Board of Elections members Carla Tooman and Tony Schroeder test the county's voting system prior to the Nov. 3 election. (Putnam Sentinel/Steven Coburn-Griffis)
Board of Elections members Carla Tooman and Tony Schroeder test the county's voting system prior to the Nov. 3 election. (Putnam Sentinel/Steven Coburn-Griffis)

PUTNAM COUNTY — There are just 20 days left before county residents go to the polls for this November’s highly anticipated and contentious presidential election. On Tuesday, officials and employees of the Putnam County Board of Elections are ratcheting up to high gear.

Following a day of training poll workers, Director Karen Lammers and Assistant Director Becky Hermiller met with board members for the last official meeting before the big day. For the first order of business, board members Kurt Sahloff (R), Carla Tooman (D), Tony Schroeder (R), and Kathleen Miller (D), conducted a public test of the county’s voting tabulators.

In a back room of the Board of Elections offices, past a cluster of hand sanitizing dispensers, sat each precinct’s individual tabulator; 12 in all. Using randomly generated paper ballots — the test deck — the board members fed the samples into the precinct tabulators.

Once finished — a process that took no more than a few minutes; the ballots used represent just a small, but specific fraction of the total number of voters for each precinct — a flash drive containing the data collected was pulled from each machine. That flash drive was then taken to what Lammers and Hermiller casually refer to as The 400, a machine which then receives the collected data, and ultimately collates it into a final county tally of all votes cast at the various precincts.

The premise behind the test is simple. The data fed via flashdrive into The 400 — the cumulative votes cast at each precinct — should match up both with the precinct tabulator, and in the overall.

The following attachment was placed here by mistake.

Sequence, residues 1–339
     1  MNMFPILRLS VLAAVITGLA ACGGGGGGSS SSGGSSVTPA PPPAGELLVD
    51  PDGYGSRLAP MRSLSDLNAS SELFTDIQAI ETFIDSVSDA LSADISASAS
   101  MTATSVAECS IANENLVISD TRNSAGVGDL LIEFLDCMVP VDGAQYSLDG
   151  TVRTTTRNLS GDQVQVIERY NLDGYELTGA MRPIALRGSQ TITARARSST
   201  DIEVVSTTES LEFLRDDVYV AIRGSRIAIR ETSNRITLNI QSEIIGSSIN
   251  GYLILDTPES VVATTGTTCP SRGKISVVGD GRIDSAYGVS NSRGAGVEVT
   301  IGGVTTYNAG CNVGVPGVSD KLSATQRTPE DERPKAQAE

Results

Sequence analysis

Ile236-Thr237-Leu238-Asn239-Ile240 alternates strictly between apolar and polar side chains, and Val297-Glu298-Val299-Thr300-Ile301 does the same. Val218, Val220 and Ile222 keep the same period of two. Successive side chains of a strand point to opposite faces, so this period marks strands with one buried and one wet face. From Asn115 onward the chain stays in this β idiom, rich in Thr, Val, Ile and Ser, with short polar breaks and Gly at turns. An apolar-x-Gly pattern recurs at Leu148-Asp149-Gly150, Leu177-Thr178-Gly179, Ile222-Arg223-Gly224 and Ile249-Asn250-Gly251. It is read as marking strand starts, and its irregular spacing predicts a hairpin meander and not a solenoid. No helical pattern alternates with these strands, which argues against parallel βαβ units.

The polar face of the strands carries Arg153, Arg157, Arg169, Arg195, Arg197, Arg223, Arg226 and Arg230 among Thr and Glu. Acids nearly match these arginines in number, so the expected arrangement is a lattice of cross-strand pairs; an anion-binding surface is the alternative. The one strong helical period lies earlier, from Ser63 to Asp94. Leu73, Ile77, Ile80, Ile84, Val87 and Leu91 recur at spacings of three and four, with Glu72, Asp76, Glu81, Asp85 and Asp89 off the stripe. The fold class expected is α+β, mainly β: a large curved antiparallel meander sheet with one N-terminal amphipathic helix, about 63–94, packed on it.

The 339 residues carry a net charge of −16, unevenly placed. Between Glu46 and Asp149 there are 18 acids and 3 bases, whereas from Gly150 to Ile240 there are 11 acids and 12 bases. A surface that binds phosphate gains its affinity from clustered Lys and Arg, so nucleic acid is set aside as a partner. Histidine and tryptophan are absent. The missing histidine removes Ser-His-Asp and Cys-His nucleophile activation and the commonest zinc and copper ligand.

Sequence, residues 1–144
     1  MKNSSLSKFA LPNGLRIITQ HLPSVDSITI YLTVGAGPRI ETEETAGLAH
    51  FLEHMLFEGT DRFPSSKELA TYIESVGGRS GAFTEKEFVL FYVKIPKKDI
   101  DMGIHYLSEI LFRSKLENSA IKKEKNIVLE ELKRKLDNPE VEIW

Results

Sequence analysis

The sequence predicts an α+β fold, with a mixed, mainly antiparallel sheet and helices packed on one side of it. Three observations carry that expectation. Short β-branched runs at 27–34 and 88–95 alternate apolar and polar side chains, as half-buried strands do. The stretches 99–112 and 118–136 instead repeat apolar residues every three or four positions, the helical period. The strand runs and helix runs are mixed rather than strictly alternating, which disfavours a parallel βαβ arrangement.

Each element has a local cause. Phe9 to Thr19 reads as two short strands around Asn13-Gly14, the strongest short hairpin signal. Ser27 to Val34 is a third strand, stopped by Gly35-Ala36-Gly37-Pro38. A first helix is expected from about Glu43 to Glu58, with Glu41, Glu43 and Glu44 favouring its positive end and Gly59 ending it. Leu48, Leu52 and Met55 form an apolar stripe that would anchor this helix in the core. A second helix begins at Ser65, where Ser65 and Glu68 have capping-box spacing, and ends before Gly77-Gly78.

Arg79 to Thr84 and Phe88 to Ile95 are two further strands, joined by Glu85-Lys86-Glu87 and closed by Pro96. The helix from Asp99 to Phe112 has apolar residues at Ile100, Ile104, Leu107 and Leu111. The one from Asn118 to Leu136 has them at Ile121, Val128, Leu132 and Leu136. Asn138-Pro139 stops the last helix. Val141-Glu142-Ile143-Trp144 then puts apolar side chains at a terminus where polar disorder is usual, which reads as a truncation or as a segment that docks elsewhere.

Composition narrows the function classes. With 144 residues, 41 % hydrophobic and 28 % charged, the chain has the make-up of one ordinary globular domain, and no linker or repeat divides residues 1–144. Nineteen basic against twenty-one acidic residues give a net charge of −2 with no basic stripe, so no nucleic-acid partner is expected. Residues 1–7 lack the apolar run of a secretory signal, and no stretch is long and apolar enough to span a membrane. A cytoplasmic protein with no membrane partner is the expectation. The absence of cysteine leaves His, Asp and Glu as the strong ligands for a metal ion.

Confident in the process, Lammers uttered an assured, “They will match up,” well before The 400 has finished crunching the numbers.

And they do.

While the results offered no surprises to Lammers, the positive outcome of the test must surely have come as a relief. Just two days into the second week of early in-person voting, the BoE office reports 1,200 voters have already passed through the doors. Tack on top of those 1,200 the distribution of over 4,800 mail-in ballots to date, and a healthy percentage of voters will have already cast their votes before election day; votes that will have been processed — though not officially tabulated — and stored for examination on Nov. 3.

Also present for the test was Northwest Ohio Regional Liaison Jake Huner, a member of Secretary of State Frank LaRose’s staff. Equally sanguine about the results, Huner assured this year’s election process is beyond reproach.

“We’ve worked really hard to create a fair and balanced system, and that’s something we take a lot of pride in,” Huner said.

Sahloff, though, in keeping with a lawyer’s penchant for anticipating the worst while planning for the best, acknowledged the possibility, however remote, of a breakdown in the system. In such a case, at least in Putnam County, he also recognized a safeguard.

“At the end of the day, we still have the paper ballots,” Sahloff said, displaying one from the test deck he’d fed into the machine earlier. “We can always go back and hand-count each vote.”